So a modified snippet from the result would be


\begin{tikzpicture}[generic/.style = {thick, decorate, decoration = {random steps, segment length = 2.5mm, amplitude = 2mm}, rounded corners}]
\foreach \k in {0,...,10} {
  \draw[generic] (0,0) -- ++ (1,0);
\end{tikzpicture}[/sourcecode]I should find a way to get rid of the explicit loop though. Of course a macro would be possible, but there might be a more TikZ-y way.
<p>So, I'm interested in your result! Well, here it is:<img src="/assets/mumford-mine.png" alt="My rendering of Mumford's Spec Z[x]" />I tried to adhere to the original version as much as possible. And the code to produce this:[sourcecode language="latex" collapse="true" wraplines="false"]\begin{tikzpicture}
  [line/.style = {very thick},
   generic/.style = {thick, decorate, decoration = {random steps, segment length = 2.5mm, amplitude = 2mm}, rounded corners},
   font = \scriptsize]
  % logarithmic x-axis

  % how high do we want our picture to go?
  % how many primes should we depict?

  % the square containing our picture
  \draw ({\primelog{2}-1.5},-.5)
        -- ({\primelog{25}+1.5},-.5)
        -- ({\primelog{25}+1.5},\height-.5)
        -- ({\primelog{2}-1.5},\height-.5)
        -- cycle;

  % vertical lines
  \foreach \p in \primes {
    \draw[line] ({\primelog{\p}},-1) -- ++ (0,\height+1);

  % we only name a few of the vertical lines end their generic points
  \foreach \p in {2,3,5,7} {
    \ifthenelse{\p<7}{\node at ({\primelog{\p}+0.2},\height-1.5) [right] {$[(\p)]$};}{}
    \node at ({\primelog{\p}},-1) [below] {$\mathbb{V}((\p))$};
    \foreach \k in {0,...,8} {
      \draw[generic] ({\primelog{\p}},\height-1) -- ++ (0,-1);
  \node at ({\primelog{11}},-1) [below] {\phantom{$\mathbb{V}$}$\ldots$\phantom{$\mathbb{V}$}}; % TODO ugly hack

  % generic point
  \node at ({\primelog{27}},\height-2.3) {$[(0)]$ generic point};
  \foreach \k in {0,...,6} {
    \draw[generic] ({\primelog{25}+1},\height-1) -- ++ (0,-1) -- ++ (-.3,.7) -- ++ (-.7,.3) -- ++ (1,0) -- ++ (-.4,-.4);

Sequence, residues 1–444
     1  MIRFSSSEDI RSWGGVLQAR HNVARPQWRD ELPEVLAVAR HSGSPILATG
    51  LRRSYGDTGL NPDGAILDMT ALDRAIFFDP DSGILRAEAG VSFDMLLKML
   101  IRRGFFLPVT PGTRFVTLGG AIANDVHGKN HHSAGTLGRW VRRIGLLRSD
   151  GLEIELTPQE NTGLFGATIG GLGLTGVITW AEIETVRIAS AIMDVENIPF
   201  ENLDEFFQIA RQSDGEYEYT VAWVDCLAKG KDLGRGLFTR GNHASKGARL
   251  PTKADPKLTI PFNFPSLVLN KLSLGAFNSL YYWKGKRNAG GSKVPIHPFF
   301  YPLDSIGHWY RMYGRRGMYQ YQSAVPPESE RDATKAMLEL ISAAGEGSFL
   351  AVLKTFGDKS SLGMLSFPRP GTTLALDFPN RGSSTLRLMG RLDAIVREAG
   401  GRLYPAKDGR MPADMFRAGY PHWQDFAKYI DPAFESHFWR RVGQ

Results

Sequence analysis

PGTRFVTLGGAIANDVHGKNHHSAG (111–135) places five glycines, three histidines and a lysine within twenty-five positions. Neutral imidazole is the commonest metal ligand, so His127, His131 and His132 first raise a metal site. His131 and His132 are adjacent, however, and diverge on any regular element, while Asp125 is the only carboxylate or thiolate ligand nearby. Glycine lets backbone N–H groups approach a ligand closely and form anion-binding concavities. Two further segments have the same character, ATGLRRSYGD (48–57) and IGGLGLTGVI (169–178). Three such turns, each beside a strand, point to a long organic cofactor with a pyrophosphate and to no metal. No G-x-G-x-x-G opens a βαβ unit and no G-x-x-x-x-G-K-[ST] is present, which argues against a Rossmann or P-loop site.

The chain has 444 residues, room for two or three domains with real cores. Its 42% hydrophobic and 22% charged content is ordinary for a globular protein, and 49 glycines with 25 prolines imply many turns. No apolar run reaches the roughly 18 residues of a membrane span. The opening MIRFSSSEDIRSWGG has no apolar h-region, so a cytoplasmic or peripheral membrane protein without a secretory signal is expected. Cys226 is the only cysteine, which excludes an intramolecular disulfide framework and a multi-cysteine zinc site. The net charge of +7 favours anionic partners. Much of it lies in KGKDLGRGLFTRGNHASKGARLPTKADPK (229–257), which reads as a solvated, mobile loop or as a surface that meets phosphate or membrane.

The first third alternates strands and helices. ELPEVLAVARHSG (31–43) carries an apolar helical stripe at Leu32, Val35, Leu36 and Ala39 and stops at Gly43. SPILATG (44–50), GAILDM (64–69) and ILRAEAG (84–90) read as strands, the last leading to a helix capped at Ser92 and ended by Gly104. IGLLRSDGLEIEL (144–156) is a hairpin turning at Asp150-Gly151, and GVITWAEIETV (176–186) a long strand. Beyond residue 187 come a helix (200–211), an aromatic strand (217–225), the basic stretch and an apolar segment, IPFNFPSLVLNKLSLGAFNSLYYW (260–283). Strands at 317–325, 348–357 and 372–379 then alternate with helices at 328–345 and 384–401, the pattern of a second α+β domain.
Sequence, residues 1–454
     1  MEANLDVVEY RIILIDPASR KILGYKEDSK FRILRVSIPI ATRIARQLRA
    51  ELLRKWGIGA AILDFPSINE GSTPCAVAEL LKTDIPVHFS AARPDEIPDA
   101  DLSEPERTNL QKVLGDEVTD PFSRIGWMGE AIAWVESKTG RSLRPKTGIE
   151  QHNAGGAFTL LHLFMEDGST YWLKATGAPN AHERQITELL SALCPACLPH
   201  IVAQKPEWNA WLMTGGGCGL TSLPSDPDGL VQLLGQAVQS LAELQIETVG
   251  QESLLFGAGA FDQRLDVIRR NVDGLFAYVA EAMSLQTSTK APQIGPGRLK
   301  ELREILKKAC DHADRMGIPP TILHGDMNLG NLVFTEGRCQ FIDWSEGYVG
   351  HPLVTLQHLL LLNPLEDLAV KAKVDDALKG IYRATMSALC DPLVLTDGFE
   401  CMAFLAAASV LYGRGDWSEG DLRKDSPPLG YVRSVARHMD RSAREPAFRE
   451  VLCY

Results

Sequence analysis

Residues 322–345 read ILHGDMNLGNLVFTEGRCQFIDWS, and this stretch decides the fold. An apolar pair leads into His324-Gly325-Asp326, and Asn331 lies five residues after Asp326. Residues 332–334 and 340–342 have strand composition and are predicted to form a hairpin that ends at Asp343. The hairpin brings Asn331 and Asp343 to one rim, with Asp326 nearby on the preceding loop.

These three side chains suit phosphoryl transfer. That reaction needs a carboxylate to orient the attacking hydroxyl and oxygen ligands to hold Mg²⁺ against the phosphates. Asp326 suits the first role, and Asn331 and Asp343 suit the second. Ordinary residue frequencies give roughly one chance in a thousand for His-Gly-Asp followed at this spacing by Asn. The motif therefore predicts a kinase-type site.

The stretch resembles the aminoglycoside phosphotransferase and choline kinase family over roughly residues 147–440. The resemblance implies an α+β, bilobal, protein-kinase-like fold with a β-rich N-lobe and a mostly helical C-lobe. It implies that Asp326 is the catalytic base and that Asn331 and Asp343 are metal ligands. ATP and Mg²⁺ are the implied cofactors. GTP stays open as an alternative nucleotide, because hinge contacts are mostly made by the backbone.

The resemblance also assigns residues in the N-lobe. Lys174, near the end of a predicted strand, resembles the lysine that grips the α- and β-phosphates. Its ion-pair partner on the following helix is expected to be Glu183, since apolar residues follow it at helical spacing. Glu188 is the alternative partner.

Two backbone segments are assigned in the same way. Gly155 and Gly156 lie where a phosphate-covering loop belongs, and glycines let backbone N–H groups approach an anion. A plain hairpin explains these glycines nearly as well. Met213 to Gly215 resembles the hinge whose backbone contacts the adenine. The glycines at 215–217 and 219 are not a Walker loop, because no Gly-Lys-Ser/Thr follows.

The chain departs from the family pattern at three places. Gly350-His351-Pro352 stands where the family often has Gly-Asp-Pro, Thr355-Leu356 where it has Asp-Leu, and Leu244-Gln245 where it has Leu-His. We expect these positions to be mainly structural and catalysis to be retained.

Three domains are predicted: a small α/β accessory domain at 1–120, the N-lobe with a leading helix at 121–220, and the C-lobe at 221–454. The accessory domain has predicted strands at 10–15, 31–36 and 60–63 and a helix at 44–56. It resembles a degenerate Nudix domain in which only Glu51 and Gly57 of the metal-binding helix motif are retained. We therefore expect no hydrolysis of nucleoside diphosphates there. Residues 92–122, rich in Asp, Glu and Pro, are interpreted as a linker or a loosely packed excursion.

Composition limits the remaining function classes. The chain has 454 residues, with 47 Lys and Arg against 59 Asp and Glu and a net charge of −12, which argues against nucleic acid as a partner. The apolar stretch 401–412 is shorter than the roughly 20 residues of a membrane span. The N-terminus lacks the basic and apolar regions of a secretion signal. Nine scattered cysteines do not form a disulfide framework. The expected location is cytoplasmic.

% linear (p,x)
  \foreach \p in {2,3,5} {
    \draw[fill] ({\primelog{\p}},0) circle (2pt) node [above right] {$[(\p,X)]$};
  \foreach \p in {7,11,13,17,19,23} {
    \draw[fill] ({\primelog{\p}},0) circle (2pt);
  \draw[line] ({\primelog{2}-1},0) -- ({\primelog{25}+1.5},0);
  \node at ({\primelog{25}+.5},0.3) {$(X)$};
  \foreach \k in {0,...,5} {
    \draw[generic, decoration = {amplitude = 1mm}] ({\primelog{25}},0) -- ++ (1,0);

  % the linear points
  \foreach \p/\k/\h/\pos in {2/1/2/left, 3/1/1/right, 5/1/0.8/right, 3/2/3/right, 5/2/1.6/below right, 5/3/2.4/above right, 5/4/3.2/right} {
    \draw[fill] ({\primelog{\p}},\h) circle (2pt) node [\pos] {$[(\p,X+\k)]$};
  \foreach \h in {1,2,3,5,6,7} {
    \draw[fill] ({\primelog{7}},4/8*\h) circle (2pt);

  % x^2+1
    .. controls ++ (0,1) and ++ (-1,0) ..
    .. controls ++ (1,0) and ++ (-1,0) ..
    .. controls ++ (.5,0) and ++ (-.5,0) ..
    -- ++ (0.5,0);
    .. controls ++ (0,-1) and ++ (-1,0) ..
    .. controls ++ (1,0) and ++ (-1,0) ..
    .. controls ++ (.5,0) and ++ (-.5,0) ..
    -- ({\primelog{25}+1.5},16/8-1/10);
  \draw[densely dashed] ({\primelog{3}},2) ellipse [x radius = 4pt, y radius = 6pt];
  \draw[densely dashed] ({\primelog{7}},2) ellipse [x radius = 4pt, y radius = 6pt];

  \node at ({\primelog{25}+.5},2.3) {$(X^2+1)$};
  \foreach \k in {0,...,10} {
    \draw[generic] ({\primelog{25}},16/8-1/10) -- ++ (1,0);

I'm not saying this is the most elegant code, but it was a nice exercise so far.

Remark how the second (i.e., the printed) version (wrongly) depicts the doodle corresponding to $(2)$ with curls, which I believe to be wrong. Only the generic point captures information coming from all directions.

Now comes the possibility for generalization: use Sage to produce certain parts of the picture, depicting the behavior of other polynomials, for instance cyclotomic polynomials. This will have to wait a while as my exams are nearing but, but I would like to thank Lieven Le Bruyn so far for his explanation, motivation and inspiration. And his scan of the original mimeographed version.